House boats can be positioned as self-isolation holidays: Jobin Akkarakalam
The houseboats enjoy a unique pride of place in Kerala’s decorated tourism map. It’s an experience that most tourists cherish for a life time when they visit the state. It’s like the calling card of Kerala’s tourism brand. However, the corona virus pandemic has hit the segment hard and it will take months before normalcy returns to the industry, says Jobin J Akkarakalam, director, Spice Routes Luxury Cruises. The house boat segment involves high maintenance costs and hence the losses are even steeper. He estimates that the segment will see losses of Rs 2 crores every month. Excerpts:
Q: The houseboat industry is going through probably its worst ever phase. Did you think that the crisis would end up having such a devastating effect on the industry?
A: Yes the house boat industry is going through the worst phase in the history of back water tourism. We have faced tsunami, Mumbai terror attack, Nipah etc in the past. In fact ours was the epicentre of the great floods, but even we had hope. People of Kuttanad has seen many floods and we were sure that business would pick up as our source markets were all safe and sound whether it’s inbound or domestic. But this pandemic has taken us really back. We never thought that COVID – 19 will lead to such a crisis.
Q: What kind of losses do you think the industry will end up with, for the year?
A: Houseboat industry is one of the unique products developed by Kerala tourism over the years with 100% private partnership and it is said that there are about 1200 house boats in Alleppey and Kumarakom area that gives approximately 3000 to 3400 rooms. There are around 3500 people who are employed directly in the houseboat industry. Indirect employment would be almost double. The losses calculated would be huge approximately Rs 2 crore a month.
Q: What do you think are the steps that the industry can take to minimise the damage caused?
A: The damage is already done. To minimise the damage I would seriously suggest everyone to rework the budget. We should have tight cost control. Budgets for maintenance has to be get tighter, as house boats have to spend huge amounts on regular upkeep
Q: All tourism sector businesses are running out of working capital. What kind of measures do you think the government should take to help the industry. And I suppose the help has to be quick. Your take please.
Houseboat industry is purely an SME / small scale industry as most of the owners would have already pledged their lands or houseboats to do business as these are small scale units. So we are left with no other choice but to request government for soft loans with 4% interest or without collaterals. We are sure that banks would not be able to give interest free loans. But we also request the banks to enhance existing loans to have extra working capital.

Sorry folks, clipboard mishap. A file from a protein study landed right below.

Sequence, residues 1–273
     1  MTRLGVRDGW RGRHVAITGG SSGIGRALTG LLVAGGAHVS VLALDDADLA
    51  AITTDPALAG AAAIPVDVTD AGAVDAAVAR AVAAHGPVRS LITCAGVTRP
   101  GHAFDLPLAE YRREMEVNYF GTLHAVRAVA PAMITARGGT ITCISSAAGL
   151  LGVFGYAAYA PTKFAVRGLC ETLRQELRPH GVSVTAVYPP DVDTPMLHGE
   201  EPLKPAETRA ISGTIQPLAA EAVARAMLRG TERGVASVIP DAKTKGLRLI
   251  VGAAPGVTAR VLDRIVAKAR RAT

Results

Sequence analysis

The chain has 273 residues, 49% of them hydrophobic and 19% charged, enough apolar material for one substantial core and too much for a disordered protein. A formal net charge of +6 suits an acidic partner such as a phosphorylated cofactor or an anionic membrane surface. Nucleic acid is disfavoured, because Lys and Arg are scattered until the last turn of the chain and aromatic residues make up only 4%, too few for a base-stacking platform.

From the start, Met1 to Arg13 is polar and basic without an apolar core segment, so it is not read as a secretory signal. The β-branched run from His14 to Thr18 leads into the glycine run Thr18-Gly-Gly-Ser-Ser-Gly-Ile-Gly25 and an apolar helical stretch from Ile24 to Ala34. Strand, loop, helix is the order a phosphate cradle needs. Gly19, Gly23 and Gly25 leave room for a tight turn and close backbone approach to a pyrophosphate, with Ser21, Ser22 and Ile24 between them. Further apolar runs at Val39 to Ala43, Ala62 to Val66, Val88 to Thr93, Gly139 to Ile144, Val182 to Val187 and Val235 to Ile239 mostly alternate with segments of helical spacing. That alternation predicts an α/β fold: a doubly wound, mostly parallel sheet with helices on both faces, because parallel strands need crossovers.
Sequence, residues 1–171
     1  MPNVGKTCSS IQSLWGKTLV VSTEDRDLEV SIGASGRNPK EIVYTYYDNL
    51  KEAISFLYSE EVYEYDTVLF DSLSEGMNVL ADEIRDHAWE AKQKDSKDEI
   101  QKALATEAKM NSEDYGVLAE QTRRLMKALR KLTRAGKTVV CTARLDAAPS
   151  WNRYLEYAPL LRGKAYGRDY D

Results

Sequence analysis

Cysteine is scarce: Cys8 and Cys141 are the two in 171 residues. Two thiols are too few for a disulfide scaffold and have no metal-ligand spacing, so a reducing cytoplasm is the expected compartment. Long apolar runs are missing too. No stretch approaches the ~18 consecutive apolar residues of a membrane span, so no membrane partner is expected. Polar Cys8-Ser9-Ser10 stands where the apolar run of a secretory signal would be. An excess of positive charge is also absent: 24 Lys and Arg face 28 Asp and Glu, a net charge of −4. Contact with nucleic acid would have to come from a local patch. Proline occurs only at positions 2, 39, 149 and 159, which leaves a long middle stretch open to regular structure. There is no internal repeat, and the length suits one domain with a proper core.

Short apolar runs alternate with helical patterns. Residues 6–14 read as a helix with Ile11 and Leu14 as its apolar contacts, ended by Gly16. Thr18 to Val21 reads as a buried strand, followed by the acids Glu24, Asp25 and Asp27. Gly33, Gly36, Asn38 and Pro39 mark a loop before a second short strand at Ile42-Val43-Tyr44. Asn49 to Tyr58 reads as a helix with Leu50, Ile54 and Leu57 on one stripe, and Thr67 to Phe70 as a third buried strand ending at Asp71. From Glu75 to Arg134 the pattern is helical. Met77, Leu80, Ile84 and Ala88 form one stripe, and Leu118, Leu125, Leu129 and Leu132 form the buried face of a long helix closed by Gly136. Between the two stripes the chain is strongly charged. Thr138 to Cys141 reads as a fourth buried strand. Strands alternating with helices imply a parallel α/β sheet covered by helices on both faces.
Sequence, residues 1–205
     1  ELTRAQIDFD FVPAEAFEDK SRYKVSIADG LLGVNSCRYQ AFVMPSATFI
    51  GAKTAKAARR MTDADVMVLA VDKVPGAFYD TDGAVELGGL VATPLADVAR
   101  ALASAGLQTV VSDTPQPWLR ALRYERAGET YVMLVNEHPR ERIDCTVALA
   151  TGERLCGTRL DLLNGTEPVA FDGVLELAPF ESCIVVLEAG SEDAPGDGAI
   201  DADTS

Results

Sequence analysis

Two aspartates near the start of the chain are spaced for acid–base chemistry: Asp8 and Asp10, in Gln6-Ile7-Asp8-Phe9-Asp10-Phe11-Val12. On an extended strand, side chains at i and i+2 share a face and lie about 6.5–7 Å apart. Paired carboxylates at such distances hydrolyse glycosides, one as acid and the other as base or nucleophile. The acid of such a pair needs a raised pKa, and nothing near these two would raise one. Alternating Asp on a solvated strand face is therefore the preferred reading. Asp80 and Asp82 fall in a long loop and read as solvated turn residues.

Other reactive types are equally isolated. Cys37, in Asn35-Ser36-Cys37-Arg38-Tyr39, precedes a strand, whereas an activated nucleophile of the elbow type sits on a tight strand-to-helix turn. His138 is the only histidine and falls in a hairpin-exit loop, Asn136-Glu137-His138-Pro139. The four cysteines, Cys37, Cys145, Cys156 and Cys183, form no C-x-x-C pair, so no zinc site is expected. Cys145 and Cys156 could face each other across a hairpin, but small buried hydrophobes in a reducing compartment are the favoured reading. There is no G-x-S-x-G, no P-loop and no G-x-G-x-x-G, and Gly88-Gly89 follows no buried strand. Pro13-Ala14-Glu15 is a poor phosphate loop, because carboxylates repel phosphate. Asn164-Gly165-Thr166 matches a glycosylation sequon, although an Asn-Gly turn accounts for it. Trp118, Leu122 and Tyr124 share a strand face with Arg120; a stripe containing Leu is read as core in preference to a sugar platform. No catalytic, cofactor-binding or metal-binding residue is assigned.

Q: Can you please talk through the threat of job losses in the sector? How do you think the government can help to arrest job losses? What steps can they take?
A: We are worried when the business will start and when it does it will be at a slow pace. The bigger companies can only start with smaller inventories as each houseboat is a separate unit. So we can always start with smaller inventory. So they will have to send the staff on leave without pay. Some of us have already paid March salaries. Definitely we have to have our bread on the table but we are worried how to continue. I am sure we will have at least 95% staff without pay for month of April and may be 70% job loss in coming two to four months.
Q: How long do you think it will take for the industry to revive the interest of the tourists? In what way can the industry win back the confidence of the guests?
A: The houseboat industry will take at least minimum 3 months to revive. Only advantage I personally feel is that unlike a holiday resort or a hotel, on a houseboat the guests are going to be alone with their family and their interaction to others are limited so that it can be marketed as self-isolation holiday. I feel this confidence has to be built in the local market.
Q: Will the industry need to recalibrate the rates and other charges, once the COVID-19 scare disappears? What changes do you expect to see?
A: Recalibration is a good option but we also have to look into inflation. The hike in dollar rates has to be looked at when we recalculate the rates because each unit will have its own liabilities so that has to be also taken into consideration.
Q: What new offerings can guests expect from the houseboat sector, once normal services resume? Will the industry be the same again?
A: We will have to give new offerings and packages for Kerala tourists and travellers from neighbouring states. Domestic market penetration should be done in such a way the uniqueness of house boat should be highlighted as isolating yourself from rest of the world.
Q: The virus has put the spotlight on health and hygiene. From that perspective, the houseboat industry needs to gear up for the new standards. Please comment.
A: Houseboat classification has to be implemented at the earliest by Kerala tourism Department. Along with it Standard Operating procedures (SOP) should come into place. Protocol for health and hygiene should be the top priority.
Q: What have been some of the biggest learnings of the industry from this episode? How do you plan to put into practice some of these learnings?
A: The biggest learning is that we the tourism industry will be the first one to get hit and the last one to revive back . We should always look into the contingency funds. A positive approach has to be taken on all difficulties. Always support the people and your staff who have been always with you.